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Estimating bark thicknesses of common Appalachian hardwoodsAuthor(s): R. Edward Thomas; Neal D. Bennett
Source: In: Groninger, John W.; Holzmueller, Eric J.; Nielsen, Clayton K.; Dey, Daniel C., eds. Proceedings, 19th Central Hardwood Forest Conference; 2014 March 10-12; Carbondale, IL. General Technical Report NRS-P-142. Newtown Square, PA: U.S. Department of Agriculture, Forest Service, Northern Research Station: 283-294.
Publication Series: Paper (invited, offered, keynote)
Station: Northern Research Station
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DescriptionKnowing the thickness of bark along the stem of a tree is critical to accurately estimate residue and, more importantly, estimate the volume of solid wood available. Determining the volume or weight of bark for a log is important because bark and wood mass are typically separated while processing logs, and accurate determination of volume is problematic. Bark thickness is known to vary with species, tree diameter, and location along the stem. This paper examines the bark thicknesses of four Appalachian hardwoods: red oak (Quercus rubra), white oak (Quercus alba), yellow-poplar (Liriodendron tulipifera), and sugar maple (Acer saccharum). Using bark thickness measurements from multiple sites, average bark thickness by stem diameter and sample height location were determined. In addition, models were developed that predict bark thickness based on measured diameter outside the bark.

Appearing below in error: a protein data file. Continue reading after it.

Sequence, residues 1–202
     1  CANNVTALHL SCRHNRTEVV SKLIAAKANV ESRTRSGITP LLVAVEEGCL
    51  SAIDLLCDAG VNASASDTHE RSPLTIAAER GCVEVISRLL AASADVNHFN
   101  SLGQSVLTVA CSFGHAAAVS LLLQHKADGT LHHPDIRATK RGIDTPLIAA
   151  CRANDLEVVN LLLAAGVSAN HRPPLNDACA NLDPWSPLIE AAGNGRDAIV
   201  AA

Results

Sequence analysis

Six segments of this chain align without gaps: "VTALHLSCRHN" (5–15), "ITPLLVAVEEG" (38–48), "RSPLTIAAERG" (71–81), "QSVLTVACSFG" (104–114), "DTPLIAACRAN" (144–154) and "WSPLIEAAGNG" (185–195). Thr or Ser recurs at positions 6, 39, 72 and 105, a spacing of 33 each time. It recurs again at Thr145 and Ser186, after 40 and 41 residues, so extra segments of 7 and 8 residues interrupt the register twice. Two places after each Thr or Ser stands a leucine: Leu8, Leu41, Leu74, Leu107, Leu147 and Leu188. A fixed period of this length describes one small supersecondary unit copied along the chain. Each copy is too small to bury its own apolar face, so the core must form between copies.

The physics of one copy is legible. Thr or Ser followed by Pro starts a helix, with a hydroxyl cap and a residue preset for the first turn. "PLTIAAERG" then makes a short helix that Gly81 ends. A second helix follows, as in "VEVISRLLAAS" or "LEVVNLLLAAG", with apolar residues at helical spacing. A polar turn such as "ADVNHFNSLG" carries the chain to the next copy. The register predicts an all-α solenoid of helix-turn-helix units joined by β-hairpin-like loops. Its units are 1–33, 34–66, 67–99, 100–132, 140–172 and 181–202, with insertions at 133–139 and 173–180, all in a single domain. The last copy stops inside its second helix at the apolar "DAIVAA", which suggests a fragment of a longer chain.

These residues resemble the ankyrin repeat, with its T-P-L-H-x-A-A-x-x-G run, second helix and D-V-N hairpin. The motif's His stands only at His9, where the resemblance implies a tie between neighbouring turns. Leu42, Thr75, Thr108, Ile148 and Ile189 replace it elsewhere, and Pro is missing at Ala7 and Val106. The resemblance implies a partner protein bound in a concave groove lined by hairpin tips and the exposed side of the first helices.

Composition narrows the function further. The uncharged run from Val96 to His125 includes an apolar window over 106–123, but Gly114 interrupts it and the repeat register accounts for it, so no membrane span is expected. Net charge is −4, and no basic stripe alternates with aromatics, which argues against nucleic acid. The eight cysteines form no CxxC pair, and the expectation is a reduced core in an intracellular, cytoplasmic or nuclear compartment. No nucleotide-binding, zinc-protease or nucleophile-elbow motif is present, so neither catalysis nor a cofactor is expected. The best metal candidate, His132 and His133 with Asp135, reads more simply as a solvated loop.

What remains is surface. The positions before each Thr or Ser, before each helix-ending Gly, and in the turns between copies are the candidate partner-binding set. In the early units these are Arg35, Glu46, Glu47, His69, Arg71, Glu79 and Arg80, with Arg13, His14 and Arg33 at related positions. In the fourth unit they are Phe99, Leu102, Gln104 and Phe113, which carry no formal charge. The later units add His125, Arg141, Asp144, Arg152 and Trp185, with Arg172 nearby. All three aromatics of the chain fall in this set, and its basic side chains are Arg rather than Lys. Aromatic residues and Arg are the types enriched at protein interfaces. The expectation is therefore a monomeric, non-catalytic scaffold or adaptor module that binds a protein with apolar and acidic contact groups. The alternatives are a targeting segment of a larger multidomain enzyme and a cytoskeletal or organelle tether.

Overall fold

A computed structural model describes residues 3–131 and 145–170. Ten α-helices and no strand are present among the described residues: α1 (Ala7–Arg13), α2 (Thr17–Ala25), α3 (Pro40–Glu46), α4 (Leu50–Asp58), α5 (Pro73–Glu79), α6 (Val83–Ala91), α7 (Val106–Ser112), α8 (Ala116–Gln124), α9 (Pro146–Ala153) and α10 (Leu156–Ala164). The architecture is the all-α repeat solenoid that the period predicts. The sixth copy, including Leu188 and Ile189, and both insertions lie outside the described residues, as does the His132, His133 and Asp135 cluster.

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CitationThomas, R. Edward; Bennett, Neal D. 2014. Estimating bark thicknesses of common Appalachian hardwoods. In: Groninger, John W.; Holzmueller, Eric J.; Nielsen, Clayton K.; Dey, Daniel C., eds. Proceedings, 19th Central Hardwood Forest Conference; 2014 March 10-12; Carbondale, IL. General Technical Report NRS-P-142. Newtown Square, PA: U.S. Department of Agriculture, Forest Service, Northern Research Station: 283-294.
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